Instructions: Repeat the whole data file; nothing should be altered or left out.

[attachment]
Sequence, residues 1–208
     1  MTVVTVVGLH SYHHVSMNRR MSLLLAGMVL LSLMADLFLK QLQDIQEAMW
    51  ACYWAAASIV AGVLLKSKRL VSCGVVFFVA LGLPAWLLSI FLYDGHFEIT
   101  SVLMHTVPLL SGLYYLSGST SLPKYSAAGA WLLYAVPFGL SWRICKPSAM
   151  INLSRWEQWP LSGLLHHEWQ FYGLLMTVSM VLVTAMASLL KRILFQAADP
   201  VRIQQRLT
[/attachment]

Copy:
Sequence, residues 1–208
     1  MTVVTVVGLH SYHHVSMNRR MSLLLAGMVL LSLMADLFLK QLQDIQEAMW
    51  ACYWAAASIV AGVLLKSKRL VSCGVVFFVA LGLPAWLLSI FLYDGHFEIT
   101  SVLMHTVPLL SGLYYLSGST SLPKYSAAGA WLLYAVPFGL SWRICKPSAM
   151  INLSRWEQWP LSGLLHHEWQ FYGLLMTVSM VLVTAMASLL KRILFQAADP
   201  VRIQQRLT